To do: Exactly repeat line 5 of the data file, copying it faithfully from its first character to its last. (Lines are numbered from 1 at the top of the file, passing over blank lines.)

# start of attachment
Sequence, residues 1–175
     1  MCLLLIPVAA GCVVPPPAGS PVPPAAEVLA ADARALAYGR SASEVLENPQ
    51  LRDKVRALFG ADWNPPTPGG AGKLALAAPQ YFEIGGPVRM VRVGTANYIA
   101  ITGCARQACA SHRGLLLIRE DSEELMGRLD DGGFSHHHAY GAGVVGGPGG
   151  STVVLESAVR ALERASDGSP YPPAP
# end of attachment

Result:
   151  STVVLESAVR ALERASDGSP YPPAP